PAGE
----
Welcome to our 2022 growing diary. So far this year everything is far behind last year’s start to the season. We have not been able to get into our patch yet, because it is too wet. Last weekend it was very close to being dry enough. We were able to apply a layer of manure. It was too wet last fall to do this so we had to do it now. Of course the rain came the next day.
Today we got several trailer loads of coco coir from our neighbour. He removes the used growing medium from a local cannabis producer. It is stockpiled and allowed to break down. The picture below shows part of the large pile. The fresh stuff is on the right and the decomposed stuff is on the left.
It works very well to loosen up our clay soil.
The picture below shows our young watermelon seedlings along with some bushel gourd seedlings. Hopefully, in the next few days we will be grafting the watermelon to the bushel gourd. This will be 2 weeks later than last year. We had a lot of trouble this year getting the BG to germinate. That set us back a little.
We plan to grow 2 pumpkins and 1 squash this year. We started these plants a bit later as well. We started the germination process on the plants below last Saturday (April 23). So they are just nicely out of the soil. We have a couple of our 1747.5 as back up plants. For pumpkin we are going with the same seeds as last year. The 2118 Barron has always given us a heavy pumpkin, is very heat tolerant and is a very aggressive plant. Also going with the 2200 est Geddes again. This was also a very aggressive plant with a lot of potential (we think). The squash we are going with is Harley Sproule’s 1507.5. Thanks for the seeds Harley. It’s been a long time since we grew a squash.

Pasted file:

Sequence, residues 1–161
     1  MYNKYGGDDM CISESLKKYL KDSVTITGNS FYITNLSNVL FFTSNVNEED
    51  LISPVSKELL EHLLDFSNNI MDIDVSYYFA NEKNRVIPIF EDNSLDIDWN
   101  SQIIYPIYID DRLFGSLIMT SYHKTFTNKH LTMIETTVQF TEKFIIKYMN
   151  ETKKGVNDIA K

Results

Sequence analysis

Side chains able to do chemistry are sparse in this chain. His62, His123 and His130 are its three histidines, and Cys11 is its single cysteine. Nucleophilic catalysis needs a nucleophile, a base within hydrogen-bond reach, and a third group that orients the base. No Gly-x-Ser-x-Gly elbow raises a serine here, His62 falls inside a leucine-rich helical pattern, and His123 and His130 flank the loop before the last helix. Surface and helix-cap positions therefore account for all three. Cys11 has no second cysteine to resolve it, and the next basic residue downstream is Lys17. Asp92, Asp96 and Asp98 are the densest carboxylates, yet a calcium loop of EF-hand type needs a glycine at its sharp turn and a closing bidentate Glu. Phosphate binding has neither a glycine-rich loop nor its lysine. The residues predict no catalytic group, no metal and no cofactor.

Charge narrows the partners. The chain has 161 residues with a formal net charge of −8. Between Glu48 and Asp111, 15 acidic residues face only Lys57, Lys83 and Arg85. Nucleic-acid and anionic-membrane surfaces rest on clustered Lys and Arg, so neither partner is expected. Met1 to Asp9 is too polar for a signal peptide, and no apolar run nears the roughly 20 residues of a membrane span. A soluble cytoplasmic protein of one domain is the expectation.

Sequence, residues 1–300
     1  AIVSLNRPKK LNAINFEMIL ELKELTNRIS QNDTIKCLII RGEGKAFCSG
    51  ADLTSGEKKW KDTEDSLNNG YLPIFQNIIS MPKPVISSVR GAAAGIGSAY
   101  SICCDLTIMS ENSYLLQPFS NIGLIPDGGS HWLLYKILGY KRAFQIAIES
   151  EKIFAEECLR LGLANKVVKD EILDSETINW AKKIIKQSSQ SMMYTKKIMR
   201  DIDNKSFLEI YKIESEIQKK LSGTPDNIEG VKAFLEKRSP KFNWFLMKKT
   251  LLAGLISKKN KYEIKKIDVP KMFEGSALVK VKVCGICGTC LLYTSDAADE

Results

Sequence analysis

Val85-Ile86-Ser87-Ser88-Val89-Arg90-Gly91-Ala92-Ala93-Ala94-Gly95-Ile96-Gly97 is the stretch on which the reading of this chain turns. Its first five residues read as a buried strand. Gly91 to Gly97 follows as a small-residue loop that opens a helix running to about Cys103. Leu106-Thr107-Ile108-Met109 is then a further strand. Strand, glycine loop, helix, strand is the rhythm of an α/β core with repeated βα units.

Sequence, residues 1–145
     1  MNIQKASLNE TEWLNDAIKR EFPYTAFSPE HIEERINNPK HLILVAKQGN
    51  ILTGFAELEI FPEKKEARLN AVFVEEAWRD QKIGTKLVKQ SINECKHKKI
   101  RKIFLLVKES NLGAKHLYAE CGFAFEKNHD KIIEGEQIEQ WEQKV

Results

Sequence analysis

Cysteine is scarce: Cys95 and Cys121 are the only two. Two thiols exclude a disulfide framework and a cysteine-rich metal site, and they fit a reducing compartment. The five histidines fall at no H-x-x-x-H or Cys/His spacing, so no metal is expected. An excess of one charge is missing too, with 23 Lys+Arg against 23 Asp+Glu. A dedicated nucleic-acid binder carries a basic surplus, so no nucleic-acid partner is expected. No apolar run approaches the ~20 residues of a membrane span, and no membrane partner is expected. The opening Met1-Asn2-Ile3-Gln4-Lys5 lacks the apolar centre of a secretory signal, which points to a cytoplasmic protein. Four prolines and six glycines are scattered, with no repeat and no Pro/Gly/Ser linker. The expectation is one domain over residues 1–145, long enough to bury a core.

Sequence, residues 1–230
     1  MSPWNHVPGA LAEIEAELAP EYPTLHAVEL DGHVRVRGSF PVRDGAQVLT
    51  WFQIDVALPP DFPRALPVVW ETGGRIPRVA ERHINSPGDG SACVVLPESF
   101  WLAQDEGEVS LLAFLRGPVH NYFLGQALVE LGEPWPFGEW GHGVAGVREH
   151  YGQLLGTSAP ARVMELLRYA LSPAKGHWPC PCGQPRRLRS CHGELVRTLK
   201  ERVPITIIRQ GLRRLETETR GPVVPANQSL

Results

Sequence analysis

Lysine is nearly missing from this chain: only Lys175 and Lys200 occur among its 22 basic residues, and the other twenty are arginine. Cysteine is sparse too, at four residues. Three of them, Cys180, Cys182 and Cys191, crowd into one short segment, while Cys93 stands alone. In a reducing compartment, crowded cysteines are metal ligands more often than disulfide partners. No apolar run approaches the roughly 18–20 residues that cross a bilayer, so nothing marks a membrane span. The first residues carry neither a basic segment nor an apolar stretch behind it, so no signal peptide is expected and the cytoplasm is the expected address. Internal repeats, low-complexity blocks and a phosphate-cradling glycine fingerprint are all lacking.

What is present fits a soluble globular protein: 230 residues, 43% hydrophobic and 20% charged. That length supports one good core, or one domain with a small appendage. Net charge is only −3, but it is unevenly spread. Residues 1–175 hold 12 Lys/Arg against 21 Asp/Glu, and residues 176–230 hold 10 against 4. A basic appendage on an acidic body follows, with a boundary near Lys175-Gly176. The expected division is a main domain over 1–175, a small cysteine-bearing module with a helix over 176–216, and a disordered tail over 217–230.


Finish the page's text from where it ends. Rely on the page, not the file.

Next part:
This next picture is a look at our cabbage plants. We started these mid-February. They are from our own seed that we harvested last fall.
Finally, we would like to encourage all the GVGO members out there to start a diary this year. We can all learn from each other.